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Emergency Contraception Does Not Reduce Unintended Pregnancy Rate

Date:
April 18, 2007
Source:
Center for the Advancement of Health
Summary:
The "morning after pill" may be a good option for individual women in crisis, but advance access to emergency contraception is no antidote for the national problem of unintended pregnancy. Contrary to the fears of critics, the presence of Plan B does not provoke riskier sexual behavior.

The "morning after pill" may be a good option for individual women in crisis, but advance access to emergency contraception is no antidote for the national problem of unintended pregnancy. Contrary to the fears of critics, the presence of Plan B does not provoke riskier sexual behavior.

According to a new review of studies, women who received an advance supply of birth control pills for emergency contraception had an equal chance of becoming pregnant as women who did not have early access to the pills.

The review draws conclusions from eight studies of more than 6,000 women in the United States, India and China.

Plan B is a well-known brand of emergency contraception pills, but many different types of birth control medication taken at higher doses can prevent pregnancy after sex. Treatment must begin within five days after unprotected sex -- and sooner is better when it comes to EC.

"We had expected that easier access to emergency contraception could help women use the pills more quickly when they needed them, and that in turn -- since EC is a time-relevant medication -- this could help women avoid unintended pregnancy," said lead reviewer Chelsea Polis.

"Our review is really about the effectiveness of advance provision as a strategy to reduce unintended pregnancy at a population level," Polis said. "The review is not about the effectiveness of EC; that is a separate matter."

The review appears in the current issue of The Cochrane Library, a publication of The Cochrane Collaboration, an international organization that evaluates research in all aspects of health care. Systematic reviews draw evidence-based conclusions about medical practice after considering both the content and quality of existing trials on a topic.

In 2001, about half of pregnancies in the United States were unintended, according to the Centers for Disease Control and Prevention. Now, the United States is working to lower the unintended pregnancy rate to 30 percent by 2010. Princeton University demographer James Trussell says easier access to emergency contraception will not slow the rate of unintended pregnancy in the United States.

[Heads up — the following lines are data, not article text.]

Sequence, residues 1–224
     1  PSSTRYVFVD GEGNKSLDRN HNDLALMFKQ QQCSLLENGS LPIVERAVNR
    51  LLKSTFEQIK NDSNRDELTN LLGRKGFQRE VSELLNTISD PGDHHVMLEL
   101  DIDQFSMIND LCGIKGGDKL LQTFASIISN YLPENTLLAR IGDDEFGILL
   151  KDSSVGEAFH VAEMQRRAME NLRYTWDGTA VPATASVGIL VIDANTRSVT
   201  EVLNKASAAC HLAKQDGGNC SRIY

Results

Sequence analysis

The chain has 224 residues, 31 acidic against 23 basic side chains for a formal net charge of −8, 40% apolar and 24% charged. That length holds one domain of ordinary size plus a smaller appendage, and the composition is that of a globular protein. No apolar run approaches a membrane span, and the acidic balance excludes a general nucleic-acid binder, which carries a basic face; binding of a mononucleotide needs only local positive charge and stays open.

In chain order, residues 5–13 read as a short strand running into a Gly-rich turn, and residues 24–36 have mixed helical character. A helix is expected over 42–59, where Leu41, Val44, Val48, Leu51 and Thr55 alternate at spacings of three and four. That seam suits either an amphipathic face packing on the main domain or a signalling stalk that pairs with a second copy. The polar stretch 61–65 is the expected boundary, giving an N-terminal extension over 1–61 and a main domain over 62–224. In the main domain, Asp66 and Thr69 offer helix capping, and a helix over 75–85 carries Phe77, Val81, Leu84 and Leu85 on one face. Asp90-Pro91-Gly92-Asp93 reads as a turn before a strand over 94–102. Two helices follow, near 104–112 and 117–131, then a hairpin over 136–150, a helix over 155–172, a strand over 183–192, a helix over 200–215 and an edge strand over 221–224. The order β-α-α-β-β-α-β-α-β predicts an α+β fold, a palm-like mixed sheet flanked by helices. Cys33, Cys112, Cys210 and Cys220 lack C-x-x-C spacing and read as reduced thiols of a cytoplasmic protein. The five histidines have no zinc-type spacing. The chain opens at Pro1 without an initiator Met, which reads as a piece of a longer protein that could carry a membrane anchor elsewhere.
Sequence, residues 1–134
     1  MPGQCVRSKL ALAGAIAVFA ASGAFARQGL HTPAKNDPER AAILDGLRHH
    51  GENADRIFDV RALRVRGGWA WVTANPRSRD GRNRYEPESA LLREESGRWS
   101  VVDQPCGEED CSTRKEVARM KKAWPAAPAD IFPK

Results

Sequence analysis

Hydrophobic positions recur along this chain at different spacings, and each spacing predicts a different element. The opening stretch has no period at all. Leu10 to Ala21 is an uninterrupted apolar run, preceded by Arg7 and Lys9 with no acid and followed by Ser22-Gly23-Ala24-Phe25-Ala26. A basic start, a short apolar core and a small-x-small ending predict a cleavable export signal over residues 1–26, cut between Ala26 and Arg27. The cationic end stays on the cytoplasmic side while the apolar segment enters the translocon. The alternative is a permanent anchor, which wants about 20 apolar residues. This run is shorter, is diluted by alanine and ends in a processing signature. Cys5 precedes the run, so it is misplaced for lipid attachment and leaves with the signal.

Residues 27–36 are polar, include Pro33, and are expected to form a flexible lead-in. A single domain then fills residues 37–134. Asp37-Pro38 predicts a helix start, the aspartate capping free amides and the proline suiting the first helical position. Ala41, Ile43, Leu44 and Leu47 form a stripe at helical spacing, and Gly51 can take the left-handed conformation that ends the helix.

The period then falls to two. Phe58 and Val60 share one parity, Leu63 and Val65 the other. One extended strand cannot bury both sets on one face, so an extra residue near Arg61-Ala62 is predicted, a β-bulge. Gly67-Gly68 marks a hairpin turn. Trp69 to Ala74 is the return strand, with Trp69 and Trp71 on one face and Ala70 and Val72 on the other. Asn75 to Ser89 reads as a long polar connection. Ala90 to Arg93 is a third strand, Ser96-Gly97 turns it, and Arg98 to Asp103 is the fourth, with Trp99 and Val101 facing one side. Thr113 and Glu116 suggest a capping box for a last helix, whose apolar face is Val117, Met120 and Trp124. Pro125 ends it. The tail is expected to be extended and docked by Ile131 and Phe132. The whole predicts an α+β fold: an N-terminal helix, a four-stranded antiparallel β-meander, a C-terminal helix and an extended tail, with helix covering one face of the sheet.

"For individual women, it is definitely a last chance to prevent pregnancy after unprotected sex. But it is not going to have a major population impact because people will never use it enough," he said.

The review found that emergency contraception use was higher among women given an advance supply of the birth control pills, but that increase in use did not translate to a drop in the pregnancy rate.

"Even though advance provision increased use, we don't know if women were using EC at the times when they were at risk for pregnancy, when it was really needed," Polis explains.

"If women aren't going to use Plan B when they are given it for free in a clinical trial and are counseled beforehand about using it every single time they have unprotected sex, then having to go to CVS and having to pay $45 each time -- it isn't going to happen," Trussell said.

Nonetheless, Polis said her review is not an argument against easier access to emergency contraception.

"Women deserve the chance to protect themselves from unintended pregnancy and EC is a safe, effective way to do that. Emergencies like rape, contraceptive failure and unprotected sex occur, and easier access to EC eliminates a medically unwarranted barrier to taking emergency contraception within the recommended timeframe," she said. "So steps like making EC available over the counter are still incredibly important."

When advanced access to emergency contraception was first proposed, critics worried that a medicine cabinet stocked with pills to prevent pregnancy would lead some women to be more promiscuous, have riskier sex or not use condoms.

The Cochrane review counters those concerns. "We found there was absolutely no difference in sexually transmitted infection rates between the two groups. There's absolutely no difference in terms of unprotected sex, condom use or changes in use of other contraceptive methods," Polis said. "So it appears that advance provision of EC has no harmful effects in terms of risky sexual behaviors."

Reference: Polis CB, et al. Advance provision of emergency contraception for pregnancy prevention. (Review). Cochrane Database of Systematic Reviews 2007, Issue 2.


Story Source:

The above story is based on materials provided by Center for the Advancement of Health. Note: Materials may be edited for content and length.


Cite This Page:

Center for the Advancement of Health. "Emergency Contraception Does Not Reduce Unintended Pregnancy Rate." ScienceDaily. ScienceDaily, 18 April 2007. <www.sciencedaily.com/releases/2007/04/070417194414.htm>.
Center for the Advancement of Health. (2007, April 18). Emergency Contraception Does Not Reduce Unintended Pregnancy Rate. ScienceDaily. Retrieved October 21, 2014 from www.sciencedaily.com/releases/2007/04/070417194414.htm
Center for the Advancement of Health. "Emergency Contraception Does Not Reduce Unintended Pregnancy Rate." ScienceDaily. www.sciencedaily.com/releases/2007/04/070417194414.htm (accessed October 21, 2014).

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